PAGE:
Investigating the gap between the O(log|C|) sample complexity of private learners and Theta(VC(C)) sample complexity of non-private learners resulted in a rich picture of private learners. Under pure (epsilon, 0)-differential privacy it is now known that sample complexity of proper learners (restricted to output a hypothesis in C) can be significantly higher than that of improper learners, that the latter is fully characterized by the representation dimension of C, and that the representation dimension is generally higher than the VC dimension. Under approximate (epsilon, delta)-differential privacy the picture is currently less clear, but it is known that the sample complexity of proper learners is generally higher than the VC dimension. Other models that were investigated include active learning, semi-supervised learning, and simultaneously performing k learning tasks.

In the talk, I will define private learning, review the main results and present some of the more recent technical results. Time permitting, I will mention how some of these results relate to task of data sanitization.

Based on joint works with: Amos Beimel, Avrim Blum, Hai Brenner, Mark Bun, Cynthia Dwork, Shiva Kasiviswanathan, Homin Lee, Frank McSherry, Sofya Raskhodnikova, Adam Smith, Uri Stremmer, and Salil Vadhan.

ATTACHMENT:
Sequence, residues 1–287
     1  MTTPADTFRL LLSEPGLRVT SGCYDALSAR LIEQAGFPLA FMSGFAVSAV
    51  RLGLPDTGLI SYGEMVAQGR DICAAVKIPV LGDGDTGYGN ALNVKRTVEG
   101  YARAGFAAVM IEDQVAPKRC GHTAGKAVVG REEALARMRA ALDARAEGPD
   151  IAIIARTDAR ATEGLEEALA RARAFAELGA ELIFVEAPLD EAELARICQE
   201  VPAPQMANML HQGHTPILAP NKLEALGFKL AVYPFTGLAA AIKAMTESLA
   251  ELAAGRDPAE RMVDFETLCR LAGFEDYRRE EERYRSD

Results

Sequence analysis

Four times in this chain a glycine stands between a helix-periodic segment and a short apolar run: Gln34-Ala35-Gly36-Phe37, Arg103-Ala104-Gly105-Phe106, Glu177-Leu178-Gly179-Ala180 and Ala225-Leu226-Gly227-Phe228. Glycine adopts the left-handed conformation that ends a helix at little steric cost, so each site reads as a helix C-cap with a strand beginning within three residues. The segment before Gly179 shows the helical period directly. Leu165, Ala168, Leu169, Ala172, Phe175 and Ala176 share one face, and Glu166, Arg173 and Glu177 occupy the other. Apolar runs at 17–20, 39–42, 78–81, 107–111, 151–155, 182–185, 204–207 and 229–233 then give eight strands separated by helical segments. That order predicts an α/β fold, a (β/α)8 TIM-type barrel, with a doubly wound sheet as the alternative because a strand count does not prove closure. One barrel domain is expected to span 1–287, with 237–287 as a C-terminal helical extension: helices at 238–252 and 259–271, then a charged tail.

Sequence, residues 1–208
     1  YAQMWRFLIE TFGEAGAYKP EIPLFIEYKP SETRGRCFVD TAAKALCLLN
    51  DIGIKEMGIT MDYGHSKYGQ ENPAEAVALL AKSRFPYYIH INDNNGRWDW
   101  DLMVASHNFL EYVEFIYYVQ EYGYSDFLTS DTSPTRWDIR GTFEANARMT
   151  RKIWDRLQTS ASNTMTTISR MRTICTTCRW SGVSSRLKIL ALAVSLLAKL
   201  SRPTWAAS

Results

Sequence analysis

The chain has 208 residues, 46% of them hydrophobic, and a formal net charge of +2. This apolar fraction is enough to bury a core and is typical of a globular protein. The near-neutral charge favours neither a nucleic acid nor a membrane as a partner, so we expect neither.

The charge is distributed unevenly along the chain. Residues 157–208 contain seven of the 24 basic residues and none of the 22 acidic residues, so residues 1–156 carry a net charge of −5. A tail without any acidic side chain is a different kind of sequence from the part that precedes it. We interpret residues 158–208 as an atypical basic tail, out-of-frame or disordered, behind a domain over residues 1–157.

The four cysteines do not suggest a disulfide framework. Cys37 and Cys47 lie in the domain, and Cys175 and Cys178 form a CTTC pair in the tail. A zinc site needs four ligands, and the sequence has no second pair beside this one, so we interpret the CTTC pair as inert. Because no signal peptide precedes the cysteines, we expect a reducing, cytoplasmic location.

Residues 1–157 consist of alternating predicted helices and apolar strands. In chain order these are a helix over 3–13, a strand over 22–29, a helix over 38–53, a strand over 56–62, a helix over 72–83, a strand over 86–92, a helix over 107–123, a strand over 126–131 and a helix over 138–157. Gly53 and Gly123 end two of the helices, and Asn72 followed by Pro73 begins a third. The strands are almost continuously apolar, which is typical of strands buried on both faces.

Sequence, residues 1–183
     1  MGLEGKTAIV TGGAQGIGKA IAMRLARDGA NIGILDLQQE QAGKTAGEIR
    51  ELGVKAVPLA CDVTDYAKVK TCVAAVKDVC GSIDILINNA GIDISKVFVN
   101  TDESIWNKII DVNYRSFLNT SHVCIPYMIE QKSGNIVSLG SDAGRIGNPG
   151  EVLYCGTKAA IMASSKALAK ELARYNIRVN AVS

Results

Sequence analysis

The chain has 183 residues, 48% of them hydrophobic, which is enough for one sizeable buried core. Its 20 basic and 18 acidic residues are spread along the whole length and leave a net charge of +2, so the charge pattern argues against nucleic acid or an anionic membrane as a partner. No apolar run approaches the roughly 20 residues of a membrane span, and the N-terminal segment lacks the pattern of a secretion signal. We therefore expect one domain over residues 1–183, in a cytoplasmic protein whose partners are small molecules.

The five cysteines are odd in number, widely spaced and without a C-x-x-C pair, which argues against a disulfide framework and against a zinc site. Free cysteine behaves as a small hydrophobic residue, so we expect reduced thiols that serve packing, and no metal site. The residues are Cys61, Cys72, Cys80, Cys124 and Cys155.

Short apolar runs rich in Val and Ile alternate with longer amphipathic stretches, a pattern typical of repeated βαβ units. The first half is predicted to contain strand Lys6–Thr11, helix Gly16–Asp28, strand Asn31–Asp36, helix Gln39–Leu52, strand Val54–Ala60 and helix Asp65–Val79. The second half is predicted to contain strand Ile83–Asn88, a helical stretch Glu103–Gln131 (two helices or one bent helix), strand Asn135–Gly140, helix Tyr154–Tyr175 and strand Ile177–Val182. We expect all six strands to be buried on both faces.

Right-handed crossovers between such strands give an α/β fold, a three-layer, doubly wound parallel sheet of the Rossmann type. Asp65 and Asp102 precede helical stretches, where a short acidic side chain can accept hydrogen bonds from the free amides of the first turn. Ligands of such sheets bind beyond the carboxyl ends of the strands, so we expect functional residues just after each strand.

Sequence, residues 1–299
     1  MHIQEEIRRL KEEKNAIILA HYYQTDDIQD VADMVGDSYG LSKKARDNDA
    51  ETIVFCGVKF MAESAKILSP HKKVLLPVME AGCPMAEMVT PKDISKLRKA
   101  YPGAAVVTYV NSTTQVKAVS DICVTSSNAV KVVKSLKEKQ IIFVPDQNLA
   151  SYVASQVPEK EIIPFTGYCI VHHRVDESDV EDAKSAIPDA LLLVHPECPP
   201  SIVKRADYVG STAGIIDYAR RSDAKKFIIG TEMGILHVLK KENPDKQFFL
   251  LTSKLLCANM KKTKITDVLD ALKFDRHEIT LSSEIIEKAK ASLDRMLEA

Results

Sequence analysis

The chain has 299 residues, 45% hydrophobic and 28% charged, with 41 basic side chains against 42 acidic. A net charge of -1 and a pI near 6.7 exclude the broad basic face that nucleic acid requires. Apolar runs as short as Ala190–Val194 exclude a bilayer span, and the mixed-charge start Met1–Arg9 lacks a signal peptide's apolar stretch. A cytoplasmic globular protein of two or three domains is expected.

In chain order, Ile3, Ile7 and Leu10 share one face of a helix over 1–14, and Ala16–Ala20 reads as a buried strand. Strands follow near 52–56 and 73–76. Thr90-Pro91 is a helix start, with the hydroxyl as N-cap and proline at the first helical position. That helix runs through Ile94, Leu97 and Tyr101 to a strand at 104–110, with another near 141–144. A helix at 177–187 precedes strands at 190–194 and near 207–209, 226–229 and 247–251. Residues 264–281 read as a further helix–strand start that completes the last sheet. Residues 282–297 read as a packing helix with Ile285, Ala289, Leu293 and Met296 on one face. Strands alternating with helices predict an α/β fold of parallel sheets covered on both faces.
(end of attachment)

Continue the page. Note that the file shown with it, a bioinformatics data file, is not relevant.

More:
Aaron Roth

Privacy as a Tool for Robust Mechanism Design in Large Markets

Differential privacy is an algorithmic stability guarantee that can be applied to derive asymptotically dominant strategy truthful mechanisms for interesting problems in large markets. Example applications include: computing a school-optimal stable matching, while incentivizing truthful reporting for the students, maximizing welfare in any problem in which agents have convex utility functions using anonymous item pricings (rather than non-anonymous, bundle pricings that arise from the VCG mechanism), and solving the equilibrium selection problem using weak "mediators" in settings of incomplete information.

For some of these problems, there are analogous "large market" results in the economic literature, but the applications of differential privacy tend to give results with the following fundamental difference. In the economics literature, it is typically assumed that agent types are drawn from a prior distribution (which often results in replication economies -- i.e. economies in which there are many individuals who have each type), and the incentive properties are studied in settings in which an exact outcome is realized -- i.e. an exact walrasian equilibrium, or an exactly school optimal stable matching. In contrast, differentially private mechanisms compute approximate versions of these outcomes, but can guarantee individual incentives -in the worst case-, without making any assumptions about how type profiles arise. This allows for truthfulness even in settings in which there are individuals with highly unusual type profiles. The differential privacy approach also can give finite population guarantees even in relatively "small" economies, in which the number of agents can be e.g. much smaller than the number of types, or the number of available actions.